The De Nooij family makes it clear to the British that these types of visits are extremely dangerous and that if the Germans find out that they are hiding British soldiers, they will probably receive the death penalty.

“Cold huh?”
In the weeks that follow, Hackett continues to strengthen. Hackett receives a false identity card through the resistance. Hackett is now Mr. Van Dalen. The resistance also arranges a pin that Van Dalen can wear on his clothing stating that he is deaf and dumb. This way he doesn’t have to talk when he walks outside.

Several plans had already been made by the resistance and the British military leadership to allow John Hackett to escape and were also canceled. Ultimately, the resistance used a well-known escape route via the Biesbosch.

The time had come in early 1945. Hackett cycles from Ede to the Biesbosch together with a resistance fighter. On the way they pass a group of German soldiers and Hackett cannot resist saying “good morning” in his best Dutch, and then adding: “It’s cold, isn’t it?”

To liberated area
At an overnight stop halfway through the journey, Hackett, to his great surprise and joy, also meets Lipmann-Kessel, the British doctor who saved his life in the Arnhem hospital. Lippman-Kessel also went into hiding with the help of the resistance and on his way to liberated areas.

A few days later, Hackett was ferried across the river from Sliedrecht by members of the resistance. The other side of the water is a liberated area. Hackett has brought his British military uniform and puts it on for the crossing.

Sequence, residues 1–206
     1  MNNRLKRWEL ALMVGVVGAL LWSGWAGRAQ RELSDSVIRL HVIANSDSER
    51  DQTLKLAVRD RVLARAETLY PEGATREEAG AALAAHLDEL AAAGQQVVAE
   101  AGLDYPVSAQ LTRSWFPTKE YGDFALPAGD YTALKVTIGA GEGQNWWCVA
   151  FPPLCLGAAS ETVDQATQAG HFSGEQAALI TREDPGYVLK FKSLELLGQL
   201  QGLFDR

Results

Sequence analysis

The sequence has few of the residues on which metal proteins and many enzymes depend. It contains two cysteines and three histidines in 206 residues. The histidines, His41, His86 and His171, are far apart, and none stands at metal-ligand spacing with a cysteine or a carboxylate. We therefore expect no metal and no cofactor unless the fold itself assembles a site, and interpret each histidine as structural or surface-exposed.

In the pitch dark, Hackett, together with an underground supervisor, gets into a boat. It has now started to rain, making the view of the water poor. Without paddling, the resistance fighter lets the boat drift with the current, past the German guard posts. When they are at a sufficient distance from the German posts, the two men paddle to the other side.

On the night of February 5, 1945, John Hackett and his companion arrive at Lage Zwaluwe, on the Allied side of the Merwede.
“Hello Shan! We were already expecting you!” it sounds in unadulterated English.

Two days later, Hackett arrives in England and is reunited with his wife.
Hackett: “My wife had just been officially declared a widow two days before. In the British army, anyone missing for more than four months was considered killed.”

Hackett tried to undo his ‘death’ through official channels, but that turned out to be less easy than expected.
Hackett: “You are registered as missing here, the official said. So we can’t do anything. Apparently it didn’t matter that I was standing in front of him in person.”

General Shan Hackett was a welcome guest in the Netherlands after the war until his death in 1997. Until his death, Hackett kept in touch with the Dutch who helped him escape during the war.